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Practical Ways to Help as a Caregiver

When someone you care about is diagnosed with breast cancer, you want to help any way you can. You may not be sure where to start, what they will need, or even what kind of help you can actually offer. However, be sure that at some point they will need you.

At first, just try to communicate with them as openly as possible about her diagnosis, making sure to listen more than you talk. Even listening can make you very emotional, as you hear what the emotions of your loved one are. Both of your emotions may become intertwined and connected.1 If you are able to share your emotions with each other openly, they will feel much more supported, and you will feel much more like a helper. If your loved one is not yet ready to speak openly, then wait patiently and the time will come.

Be a Personal Assistant

With a diagnosis of breast cancer will come a lot of doctor’s visits, appointments, paperwork and clutter. It may be overwhelming at first, but keeping this information organized will allow both of you to slow down and let the information sink in emotionally and mentally. As the paperwork begins to stack up, you could suggest ways to organize it that would be helpful to her. A great way to do so is to organize a binder that could hold information she receives concerning:

  • Her medical test results
  • Treatment options
  • Insurance forms
  • Community Resources
  • Personal contact information for various family members, friends, and other caregivers

All of this information will be valuable to have handy and helpful throughout breast cancer treatment. It would be one less concern if this information was well-organized and easily accessible. This is a simple task but is very important for the patient, allowing them to focus on their health and treatment.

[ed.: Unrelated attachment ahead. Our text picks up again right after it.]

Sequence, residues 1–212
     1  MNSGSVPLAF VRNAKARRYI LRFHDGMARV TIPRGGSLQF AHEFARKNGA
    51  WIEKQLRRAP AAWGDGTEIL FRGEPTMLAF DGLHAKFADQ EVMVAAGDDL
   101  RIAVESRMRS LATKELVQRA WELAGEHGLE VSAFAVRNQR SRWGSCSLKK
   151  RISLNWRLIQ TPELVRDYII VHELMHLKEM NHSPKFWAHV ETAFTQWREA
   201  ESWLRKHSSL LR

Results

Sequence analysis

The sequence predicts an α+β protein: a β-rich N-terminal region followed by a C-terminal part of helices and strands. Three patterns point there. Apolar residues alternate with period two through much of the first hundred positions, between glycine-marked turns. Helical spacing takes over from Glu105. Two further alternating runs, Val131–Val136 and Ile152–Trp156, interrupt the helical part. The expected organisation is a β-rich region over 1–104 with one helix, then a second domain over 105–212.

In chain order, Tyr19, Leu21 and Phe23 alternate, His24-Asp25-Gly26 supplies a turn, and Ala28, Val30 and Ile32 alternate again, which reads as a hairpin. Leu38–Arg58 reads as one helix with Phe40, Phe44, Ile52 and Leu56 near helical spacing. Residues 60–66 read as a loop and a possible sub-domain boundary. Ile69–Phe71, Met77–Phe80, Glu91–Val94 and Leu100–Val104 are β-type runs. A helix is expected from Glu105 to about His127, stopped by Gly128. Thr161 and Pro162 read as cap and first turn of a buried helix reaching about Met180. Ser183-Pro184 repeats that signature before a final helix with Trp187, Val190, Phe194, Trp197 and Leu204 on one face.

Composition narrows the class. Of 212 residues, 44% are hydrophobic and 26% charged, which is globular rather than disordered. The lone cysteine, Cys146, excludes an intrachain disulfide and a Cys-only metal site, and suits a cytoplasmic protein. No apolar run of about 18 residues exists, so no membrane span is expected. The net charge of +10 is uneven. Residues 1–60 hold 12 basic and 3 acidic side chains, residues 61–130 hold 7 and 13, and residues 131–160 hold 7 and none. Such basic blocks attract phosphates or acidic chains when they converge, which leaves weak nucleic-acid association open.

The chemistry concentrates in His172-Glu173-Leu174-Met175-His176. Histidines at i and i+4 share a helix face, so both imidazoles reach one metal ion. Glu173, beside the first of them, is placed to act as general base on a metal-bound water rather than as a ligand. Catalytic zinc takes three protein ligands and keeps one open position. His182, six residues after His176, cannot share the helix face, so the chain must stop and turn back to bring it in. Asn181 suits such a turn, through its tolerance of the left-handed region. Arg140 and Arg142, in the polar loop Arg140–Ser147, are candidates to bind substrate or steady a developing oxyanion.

You might also suggest that they begin writing all of their questions and concerns down in a notebook as they occur. It may be helpful for the breast cancer patient to have a caregiver accompany her to her doctor’s appointments in order to take notes. Those notes could be recorded in the same notebook as the questions and concerns, to make sure that all concerns are addressed.

Empowered by Knowledge

Likely, you will begin to do some of your own research about breast cancer when a loved one is diagnosed. As you do this, be sure that you are using reliable and trusted sources for your information. The more you learn, the more empowered you will feel about helping her through her treatment.

Before you begin to share the information you’ve discovered, make sure they are ready to hear it. Make sure not to “lecture at” them, as no one likes to be treated like a child. If your loved one likes or needs to be the one to discover the information on their own, be respectful of that.2 Trust in the fact that becoming a student for yourself is a good thing and that it will benefit you in your role as a caregiver. The more informed you are, the more helpful you will be.

References

1 Thomas, Carol; Sara M Morris and Juliet C Harman. (February 2002) Companions through cancer::the care given by informal carers in cancer contexts.  Social Science & Medicine. V 54:4, 529-544.

2 van Uden-Kraan, Cornelia F; Consstance H C Drossaert; Erik Taal; Bret R Shaw; Erwin R Seydel; Mart A F van de Laar. (March 2008) Empowering Processes and Outcomes of Participation in Online Support Groups for Patients With Breast Cancer, Arthritis, or Fibromyalgia. V 18:3, 405-417.

This article was originally published on July 27,2012 and last revision and update of it was 9/2/2015.